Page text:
NASA has selected a proposal to proceed with Phase B (preliminary design studies) for a Pluto-Kuiper Belt (PKB) mission, intended to explore the most distant planet in the solar system. The mission will also explore the Kuiper Belt beyond Pluto, a source of comets and believed to be the source of much of Earth's water and the simple chemical precursors of life.
The scientific value of this mission is highly dependent on a 2006 launch that achieves a flyby of Pluto well before 2020. In order to ensure this launch date, NASA has established two conditions that must be successfully met at the conclusion of Phase B.
First, the mission must pass a confirmation review that will address significant risks such as schedule and technical milestones and regulatory approval for launch of the mission's nuclear power source. Second, funds must be available. Congress provided $30 million in fiscal 2002 to initiate PKB spacecraft and science instrument development and launch vehicle procurement; however, no funding for subsequent years is included in the administration's budget plan.
The mission, called New Horizons: Shedding Light on Frontier Worlds, is led by Principal Investigator Dr. S. Alan Stern of the Southwest Research Institute, Boulder, Colo. He will lead a team including The Johns Hopkins University Applied Physics Laboratory, Laurel, Md.; Ball Aerospace Corp., Boulder, Colo.; Stanford University, Palo Alto, Calif.; and NASA's Goddard Space Flight Center, Greenbelt, Md., and Jet Propulsion Laboratory, Pasadena, Calif.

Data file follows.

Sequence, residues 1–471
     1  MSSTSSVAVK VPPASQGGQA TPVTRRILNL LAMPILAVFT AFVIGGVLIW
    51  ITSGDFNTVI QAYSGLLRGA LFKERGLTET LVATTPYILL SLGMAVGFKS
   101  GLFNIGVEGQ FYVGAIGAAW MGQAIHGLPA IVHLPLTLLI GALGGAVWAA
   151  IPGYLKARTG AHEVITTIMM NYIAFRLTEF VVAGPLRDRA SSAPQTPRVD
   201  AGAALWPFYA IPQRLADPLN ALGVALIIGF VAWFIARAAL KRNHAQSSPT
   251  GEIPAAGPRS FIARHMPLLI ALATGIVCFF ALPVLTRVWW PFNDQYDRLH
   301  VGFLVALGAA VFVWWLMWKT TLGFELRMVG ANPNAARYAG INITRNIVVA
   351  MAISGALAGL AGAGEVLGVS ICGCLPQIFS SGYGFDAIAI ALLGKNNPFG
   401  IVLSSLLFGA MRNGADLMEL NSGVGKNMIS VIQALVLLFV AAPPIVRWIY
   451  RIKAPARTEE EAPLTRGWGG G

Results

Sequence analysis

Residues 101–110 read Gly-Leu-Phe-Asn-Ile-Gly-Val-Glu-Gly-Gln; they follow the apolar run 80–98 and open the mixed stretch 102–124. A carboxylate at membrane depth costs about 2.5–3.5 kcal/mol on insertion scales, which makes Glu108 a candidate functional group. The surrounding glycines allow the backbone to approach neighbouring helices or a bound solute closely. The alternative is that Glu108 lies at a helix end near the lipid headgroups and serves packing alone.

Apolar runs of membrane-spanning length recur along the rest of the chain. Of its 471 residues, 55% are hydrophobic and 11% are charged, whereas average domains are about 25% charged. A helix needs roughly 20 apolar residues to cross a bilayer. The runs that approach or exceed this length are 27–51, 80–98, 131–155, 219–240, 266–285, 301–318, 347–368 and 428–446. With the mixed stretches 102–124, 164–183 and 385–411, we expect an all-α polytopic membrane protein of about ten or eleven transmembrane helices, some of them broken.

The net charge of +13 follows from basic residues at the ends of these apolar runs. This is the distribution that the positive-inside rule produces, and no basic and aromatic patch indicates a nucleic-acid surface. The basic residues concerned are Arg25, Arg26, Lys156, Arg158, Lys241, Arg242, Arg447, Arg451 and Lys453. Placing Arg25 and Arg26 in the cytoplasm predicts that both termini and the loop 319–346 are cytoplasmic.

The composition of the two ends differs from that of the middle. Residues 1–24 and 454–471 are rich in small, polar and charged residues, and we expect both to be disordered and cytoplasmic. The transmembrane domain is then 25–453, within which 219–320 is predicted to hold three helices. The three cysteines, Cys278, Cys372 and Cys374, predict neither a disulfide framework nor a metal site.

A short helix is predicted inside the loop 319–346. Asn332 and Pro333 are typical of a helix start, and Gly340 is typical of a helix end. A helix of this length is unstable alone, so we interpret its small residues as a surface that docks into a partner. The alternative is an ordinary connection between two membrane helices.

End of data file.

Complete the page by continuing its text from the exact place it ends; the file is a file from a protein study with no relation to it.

"Both proposals were outstanding, but New Horizons represented the best science at Pluto and the Kuiper Belt as well as the best plan to bring the spacecraft to the launch pad on time and within budget," said Dr. Ed Weiler, Associate Administrator for Space Science at NASA Headquarters, Washington. Each team conducted a three-month concept study including management, science content, technical aspects, cost and schedule for a complete mission, including launch vehicle, spacecraft and science instrument payload.
The proposal outlines how the team would undertake the major science objectives defined in the January 2001 Announcement of Opportunity. The spacecraft would use a remote sensing package that includes imaging instruments and a radio science investigation, as well as spectroscopic and other experiments, to characterize the global geology and morphology of Pluto and its moon Charon, map their surface composition and characterize Pluto's neutral atmosphere and its escape rate.
Pluto, the smallest planet, is actually a Kuiper Belt Object, a class of objects composed of material left over after the formation of the other planets. Pluto has large quantities of ices of nitrogen and simple molecules containing carbon, hydrogen and oxygen that are the necessary precursors of life. Given Pluto's weak gravity, these ices would be largely lost to space if Pluto had come close to the Sun. Instead they remain there as a representative sample of the primordial material that set the stage for the evolution of the solar system as it exists today, including life.
"Visiting Pluto and other Kuiper Belt objects would be like visiting a deep freeze containing samples of the most ancient material in our solar system, the stuff that all the other planets including Earth were made of," said Dr. Colleen Hartman, Solar System Exploration Director in NASA's Office of Space Science. "But the most exciting thing about going to an unexplored planet is what we may find there that we're not expecting."
NASA will work with Dr. Stern to further define the costs and to finalize the design of the spacecraft and its accommodation of the instrument sets. Stern, as Principal Investigator, bringing together teams from academia, industry and NASA centers, will lead the PKB mission. It will be implemented following the highly successful management model of NASA's Discovery Program.